Those of Ringwaldt’s hymns which have passed into English are:— i. Es ist gewisslich an derZeit. Second Advent. The anonymous original of this hymn is one of Zwey schöne Lieder, printed separately circa 1565, and thence in Wackernagel, iv. p. 344. W. von Maltzahn, in his Bücherschatz, 1875, No. 616, p. 93, cites it as in an undated Nürnberg broadsheet, circa 1556. Wackernagel also gives along with the original the revised form in Ringwaldt’s Handbüchlin, 1586. Both forms are also in the Unverfälschter Liedersegen, 1851, No. 746, in 7 stanzas of 7 lines. It is based on the “Dies Irae,” but can hardly be called a version of it. The original has a picturesqueness and force which are greatly lost in Ringwaldt’s revision. It was much used in Germany during the Thirty Years’ War, when in these distressful times men often thought the Last Day was at hand…

… iv. Herr Jesu Christ, du höchstes Gut, Du Brunnquell der Genaden. Lent. One of the finest of German penitential hymns. Wackernagel, iv. p. 1028, gives it, in 8 st. of 7 1., from Ringwaldt’s Christliche Warnung, 1588, where it is entitled “A fine hymn [of supplication] for the forgiveness of sins.”

–John Julian, Dictionary of Hymnology (1907)

 

https://deprofundisclamaviadtedomine.wordpress.com/2011/10/13/in-christi-wunden-schlaf-ich-ein-i-fall-asleep-in-jesus-wounds/

http://cyberbrethren.com/2009/11/14/singing-the-gospel-lutheran-hymns-and-the-success-of-the-reformation/

 

Evening Blessing: Tuesday

31.  Another.  [Tuesday Evening-Blessing]

originally from Marburger Gesangbuch (Marburg Hymnal–probably from the 1700s)

 transl. from Ev. Luth. Gebets-Schatz (Evangelical Lutheran Prayer-Treasury, the massive German prayer book of the Missouri Synod from the 19th century.)

O eternal, merciful, and rich God in heaven!  Out of great grace and fatherly care you have allowed me to finish another day safe and sound.  In return, I thank You from the bottom of my heart, as is meet and right.  But sadly, I have not spent this day to Your praise and honor and to the profit of my neighbor, since my ruined human nature always inclines to the evil instead of the good.  Oh faithful God, help me because of this—so that I, begotten of sinful seed, would recognize my frailty and, so doing, partake of Your divine grace instead of relying on my own strength.  Teach me, that I often remember my end and prepare myself for it in true repentance.  Then, when it draws near, I will be comforted and blessed, separated from the misery of this world and seated with all believing Christians in the heavenly Paradise.  Meanwhile, for as long as I have left on earth, be pleased to receive me into Your almighty protection, and graciously protect and preserve me against all injury and danger to body and soul, for the sake of Christ, Your beloved Son.  Amen.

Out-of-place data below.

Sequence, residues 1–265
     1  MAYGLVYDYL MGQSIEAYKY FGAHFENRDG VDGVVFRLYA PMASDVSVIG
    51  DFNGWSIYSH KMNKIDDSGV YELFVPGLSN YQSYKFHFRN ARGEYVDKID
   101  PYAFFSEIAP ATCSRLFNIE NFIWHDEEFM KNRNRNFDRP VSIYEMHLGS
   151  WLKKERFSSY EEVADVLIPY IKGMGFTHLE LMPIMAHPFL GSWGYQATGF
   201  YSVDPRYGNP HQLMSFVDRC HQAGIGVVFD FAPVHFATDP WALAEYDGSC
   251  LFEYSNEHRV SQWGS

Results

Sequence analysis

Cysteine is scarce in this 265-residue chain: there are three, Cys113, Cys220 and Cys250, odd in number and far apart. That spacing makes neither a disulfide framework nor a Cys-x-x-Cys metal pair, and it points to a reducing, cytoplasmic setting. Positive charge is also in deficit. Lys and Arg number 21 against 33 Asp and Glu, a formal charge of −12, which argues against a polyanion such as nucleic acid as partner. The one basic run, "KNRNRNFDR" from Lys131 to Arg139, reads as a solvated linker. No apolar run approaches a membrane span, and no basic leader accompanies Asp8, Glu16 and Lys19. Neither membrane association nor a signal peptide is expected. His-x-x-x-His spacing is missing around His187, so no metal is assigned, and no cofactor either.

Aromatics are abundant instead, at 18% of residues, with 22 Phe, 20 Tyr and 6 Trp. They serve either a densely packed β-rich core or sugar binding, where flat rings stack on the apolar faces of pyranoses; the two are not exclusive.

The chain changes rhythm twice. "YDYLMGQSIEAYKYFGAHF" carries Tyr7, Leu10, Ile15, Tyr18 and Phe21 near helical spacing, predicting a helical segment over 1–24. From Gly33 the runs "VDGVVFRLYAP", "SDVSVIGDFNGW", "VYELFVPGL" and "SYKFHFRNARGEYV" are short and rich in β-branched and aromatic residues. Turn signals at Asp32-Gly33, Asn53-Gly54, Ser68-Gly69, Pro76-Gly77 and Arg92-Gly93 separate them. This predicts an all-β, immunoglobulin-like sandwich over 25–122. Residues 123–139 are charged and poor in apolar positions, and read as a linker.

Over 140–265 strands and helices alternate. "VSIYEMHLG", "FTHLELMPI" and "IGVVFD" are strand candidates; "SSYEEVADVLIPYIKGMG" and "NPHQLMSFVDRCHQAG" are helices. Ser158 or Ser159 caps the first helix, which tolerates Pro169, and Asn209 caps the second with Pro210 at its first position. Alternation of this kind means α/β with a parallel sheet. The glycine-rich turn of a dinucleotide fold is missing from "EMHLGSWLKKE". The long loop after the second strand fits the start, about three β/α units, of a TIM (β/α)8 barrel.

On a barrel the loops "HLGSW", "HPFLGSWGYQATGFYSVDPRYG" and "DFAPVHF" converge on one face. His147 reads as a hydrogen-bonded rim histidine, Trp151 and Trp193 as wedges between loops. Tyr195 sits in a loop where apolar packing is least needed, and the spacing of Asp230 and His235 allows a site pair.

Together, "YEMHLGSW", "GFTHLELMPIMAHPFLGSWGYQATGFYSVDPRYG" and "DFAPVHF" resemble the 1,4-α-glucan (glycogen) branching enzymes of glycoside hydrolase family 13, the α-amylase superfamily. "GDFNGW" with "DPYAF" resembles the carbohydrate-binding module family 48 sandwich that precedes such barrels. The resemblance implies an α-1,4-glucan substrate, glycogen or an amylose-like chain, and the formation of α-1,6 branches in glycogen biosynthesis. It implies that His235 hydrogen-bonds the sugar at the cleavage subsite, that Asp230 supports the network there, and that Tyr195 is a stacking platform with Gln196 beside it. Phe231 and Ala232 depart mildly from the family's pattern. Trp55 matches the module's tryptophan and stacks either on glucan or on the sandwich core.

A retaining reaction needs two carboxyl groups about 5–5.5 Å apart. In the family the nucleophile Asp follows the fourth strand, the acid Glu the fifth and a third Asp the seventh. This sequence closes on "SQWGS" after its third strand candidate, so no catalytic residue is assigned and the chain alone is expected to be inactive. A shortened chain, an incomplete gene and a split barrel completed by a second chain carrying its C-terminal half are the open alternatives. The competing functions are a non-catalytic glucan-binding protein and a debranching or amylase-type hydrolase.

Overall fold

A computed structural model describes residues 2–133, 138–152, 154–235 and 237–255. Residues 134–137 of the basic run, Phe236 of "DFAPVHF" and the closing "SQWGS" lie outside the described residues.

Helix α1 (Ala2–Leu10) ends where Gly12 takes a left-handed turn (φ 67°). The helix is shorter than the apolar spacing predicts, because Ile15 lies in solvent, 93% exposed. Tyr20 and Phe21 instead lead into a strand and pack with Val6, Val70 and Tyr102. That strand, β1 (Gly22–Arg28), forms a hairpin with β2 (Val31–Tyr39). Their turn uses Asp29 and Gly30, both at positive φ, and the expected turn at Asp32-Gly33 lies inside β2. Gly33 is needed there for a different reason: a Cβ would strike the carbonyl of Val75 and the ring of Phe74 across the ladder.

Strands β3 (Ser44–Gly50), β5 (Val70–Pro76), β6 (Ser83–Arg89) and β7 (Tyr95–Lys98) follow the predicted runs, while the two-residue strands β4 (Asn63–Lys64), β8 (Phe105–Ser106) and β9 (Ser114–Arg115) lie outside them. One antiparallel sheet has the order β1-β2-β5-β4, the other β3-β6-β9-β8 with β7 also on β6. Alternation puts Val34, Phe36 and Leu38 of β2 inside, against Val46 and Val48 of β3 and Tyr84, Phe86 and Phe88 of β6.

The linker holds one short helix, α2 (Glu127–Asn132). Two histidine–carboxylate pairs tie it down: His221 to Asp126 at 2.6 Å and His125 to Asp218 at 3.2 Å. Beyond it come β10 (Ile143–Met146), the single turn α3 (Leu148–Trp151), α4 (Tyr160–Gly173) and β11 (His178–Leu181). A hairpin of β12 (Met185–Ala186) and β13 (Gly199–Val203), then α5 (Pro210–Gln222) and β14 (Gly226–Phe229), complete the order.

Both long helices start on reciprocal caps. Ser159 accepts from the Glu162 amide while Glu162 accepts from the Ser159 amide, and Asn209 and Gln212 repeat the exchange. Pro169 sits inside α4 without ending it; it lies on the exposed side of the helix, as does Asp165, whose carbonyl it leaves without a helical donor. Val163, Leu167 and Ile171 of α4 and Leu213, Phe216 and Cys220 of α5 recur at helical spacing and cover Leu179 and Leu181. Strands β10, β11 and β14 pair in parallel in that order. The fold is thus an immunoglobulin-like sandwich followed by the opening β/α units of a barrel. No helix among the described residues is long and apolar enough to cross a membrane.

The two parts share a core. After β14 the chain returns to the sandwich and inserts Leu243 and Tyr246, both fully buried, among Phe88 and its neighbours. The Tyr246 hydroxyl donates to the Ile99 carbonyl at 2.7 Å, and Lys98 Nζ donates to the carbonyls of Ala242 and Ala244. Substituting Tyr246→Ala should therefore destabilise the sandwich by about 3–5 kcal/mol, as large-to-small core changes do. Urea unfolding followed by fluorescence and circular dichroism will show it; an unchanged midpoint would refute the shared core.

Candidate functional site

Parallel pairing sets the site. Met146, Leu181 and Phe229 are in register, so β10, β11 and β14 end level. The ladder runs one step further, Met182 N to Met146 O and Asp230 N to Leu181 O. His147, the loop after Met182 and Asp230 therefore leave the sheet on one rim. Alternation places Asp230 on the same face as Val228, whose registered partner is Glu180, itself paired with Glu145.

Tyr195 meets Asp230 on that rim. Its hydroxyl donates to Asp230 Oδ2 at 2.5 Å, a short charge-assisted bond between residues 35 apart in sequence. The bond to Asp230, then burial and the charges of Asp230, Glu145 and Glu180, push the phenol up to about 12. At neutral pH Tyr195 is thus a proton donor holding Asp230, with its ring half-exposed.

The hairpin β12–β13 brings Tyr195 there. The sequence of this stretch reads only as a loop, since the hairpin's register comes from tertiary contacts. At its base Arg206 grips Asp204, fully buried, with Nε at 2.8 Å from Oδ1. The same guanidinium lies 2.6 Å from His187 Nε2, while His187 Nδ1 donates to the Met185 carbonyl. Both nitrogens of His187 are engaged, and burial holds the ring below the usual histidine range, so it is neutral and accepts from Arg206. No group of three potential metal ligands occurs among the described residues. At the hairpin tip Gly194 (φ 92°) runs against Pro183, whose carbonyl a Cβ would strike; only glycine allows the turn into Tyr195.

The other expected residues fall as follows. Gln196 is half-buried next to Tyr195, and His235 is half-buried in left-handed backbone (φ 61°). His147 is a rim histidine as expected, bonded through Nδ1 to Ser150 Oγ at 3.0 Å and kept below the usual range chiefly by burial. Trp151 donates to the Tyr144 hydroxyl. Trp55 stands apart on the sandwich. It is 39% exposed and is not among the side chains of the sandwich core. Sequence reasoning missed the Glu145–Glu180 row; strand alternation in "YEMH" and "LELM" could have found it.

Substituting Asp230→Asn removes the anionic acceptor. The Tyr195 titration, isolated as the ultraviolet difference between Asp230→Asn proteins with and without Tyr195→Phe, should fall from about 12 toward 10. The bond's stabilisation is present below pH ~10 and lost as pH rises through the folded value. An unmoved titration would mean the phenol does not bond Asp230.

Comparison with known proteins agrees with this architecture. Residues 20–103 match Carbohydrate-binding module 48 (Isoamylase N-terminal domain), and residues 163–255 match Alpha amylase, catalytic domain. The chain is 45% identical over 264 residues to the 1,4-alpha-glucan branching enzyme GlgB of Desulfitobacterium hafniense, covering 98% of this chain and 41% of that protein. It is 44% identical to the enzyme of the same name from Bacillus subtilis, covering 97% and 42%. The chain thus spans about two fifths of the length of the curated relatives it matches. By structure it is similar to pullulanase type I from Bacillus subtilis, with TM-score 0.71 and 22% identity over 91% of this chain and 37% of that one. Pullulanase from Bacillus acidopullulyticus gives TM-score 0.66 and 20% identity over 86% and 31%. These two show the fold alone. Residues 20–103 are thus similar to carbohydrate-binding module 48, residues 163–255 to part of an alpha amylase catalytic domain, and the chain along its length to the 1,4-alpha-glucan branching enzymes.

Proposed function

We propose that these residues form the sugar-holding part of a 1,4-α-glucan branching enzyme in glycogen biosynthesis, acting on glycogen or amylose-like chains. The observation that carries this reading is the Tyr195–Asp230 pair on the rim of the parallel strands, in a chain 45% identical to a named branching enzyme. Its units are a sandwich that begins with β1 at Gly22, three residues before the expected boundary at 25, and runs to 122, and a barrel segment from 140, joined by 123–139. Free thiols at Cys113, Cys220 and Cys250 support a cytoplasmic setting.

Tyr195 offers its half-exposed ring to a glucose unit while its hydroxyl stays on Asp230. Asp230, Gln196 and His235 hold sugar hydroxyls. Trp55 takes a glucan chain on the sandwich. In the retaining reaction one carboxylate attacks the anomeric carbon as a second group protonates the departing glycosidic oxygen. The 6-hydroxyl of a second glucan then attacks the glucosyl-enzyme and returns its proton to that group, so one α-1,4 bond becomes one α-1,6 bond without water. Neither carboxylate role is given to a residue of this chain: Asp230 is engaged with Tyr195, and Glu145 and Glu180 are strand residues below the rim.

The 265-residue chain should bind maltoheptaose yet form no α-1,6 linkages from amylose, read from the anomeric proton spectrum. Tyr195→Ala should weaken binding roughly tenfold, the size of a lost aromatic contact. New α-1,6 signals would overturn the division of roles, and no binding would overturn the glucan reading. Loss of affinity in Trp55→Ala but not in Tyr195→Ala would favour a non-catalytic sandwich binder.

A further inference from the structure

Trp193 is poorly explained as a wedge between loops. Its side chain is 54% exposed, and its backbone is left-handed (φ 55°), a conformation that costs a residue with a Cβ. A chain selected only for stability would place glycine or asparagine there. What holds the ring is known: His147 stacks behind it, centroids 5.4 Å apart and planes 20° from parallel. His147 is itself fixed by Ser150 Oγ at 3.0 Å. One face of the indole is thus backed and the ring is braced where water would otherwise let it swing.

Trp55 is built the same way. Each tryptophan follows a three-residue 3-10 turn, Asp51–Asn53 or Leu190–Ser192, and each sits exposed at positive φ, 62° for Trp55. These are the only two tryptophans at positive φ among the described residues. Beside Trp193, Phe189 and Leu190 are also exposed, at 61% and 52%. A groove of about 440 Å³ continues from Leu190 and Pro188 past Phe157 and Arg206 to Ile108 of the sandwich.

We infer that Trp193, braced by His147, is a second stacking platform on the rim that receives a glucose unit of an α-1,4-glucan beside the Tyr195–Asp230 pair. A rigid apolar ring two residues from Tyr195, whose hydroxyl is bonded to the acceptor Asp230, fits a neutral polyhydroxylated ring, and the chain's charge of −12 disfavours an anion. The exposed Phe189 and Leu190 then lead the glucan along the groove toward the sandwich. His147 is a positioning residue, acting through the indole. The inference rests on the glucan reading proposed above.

Prayer of a Preacher, when he has something difficult to carry out

 

 199.  Prayer of a preacher who has to carry out something difficult.

Merciful God!  You see what a difficult task you have put before me to carry out.  And you also know that I am far too weak and small to start it without disgrace and injury.  Therefore I humbly pray that You would stand by me.  Oh Lord, do not abandon the one who sets all his hope and trust upon You, but instead strengthen me with heavenly power, and shout out to me with holy wisdom, that I may not be fainthearted, or act stupidly, but that instead I may faithfully execute this work to which I am obligated.  Because to You I commend my going out and my coming in, with thankfulness I will also ascribe to You all the glory and progress of my work.  Amen in Jesus’ name.  Amen.  Amen.

 

Andreas Pancratius (1531-1576) Superintendent at Hof

 

http://en.wikipedia.org/wiki/Hof,_Bavaria

 

 

Prayer on the Eighth Sunday after Trinity

July 27, 2012 1 comment

106.  Prayer on the Eighth Sunday after Trinity

The Rev. Prof. Kurt Marquart, faithful teacher of the Word of God and servant of Christ.

Lord God, heavenly Father!  We thank You with our whole hearts, that You have let us come to the knowledge of Your blessed Word.  But we also ask You that You would graciously preserve us in this knowledge and grant us to die a blessed death in it.  Graciously guard all pious preachers, who faithfully bring forth Your Word, from all persecution, abuse, and other misfortune, and spare them their lives.  But the other sort of preachers, who unfaithfully go around with Your Word and pretend to be pious lambs, but are ravenous wolves, be pleased to punish them according to what they have deserved, make war against them, and graciously save Your poor Christendom from them, through Jesus Christ, Your Son, our Lord.  Amen.

Johannes Eichhorn (1511-1564)

 

Prayer on the 7th Sunday after Trinity…from Ev. Luth. Gebets-Schatz

July 20, 2012 1 comment

105.  Prayer on the Seventh Sunday after Trinity

Lord God, heavenly Father, You Who, through Your Son, richly fed four thousand men in the wilderness, not counting women and children, with only seven loaves of bread and a few little fish: we pray You, be near us with Your blessing and grace, and protect us from avarice and the cares of this life, that we seek first Your Kingdom and Your righteousness, and in all that we need in body and soul graciously mark Your mild, fatherly kindness; through Christ our Lord.  Amen.  .Johannes Eichorn (1511-1564)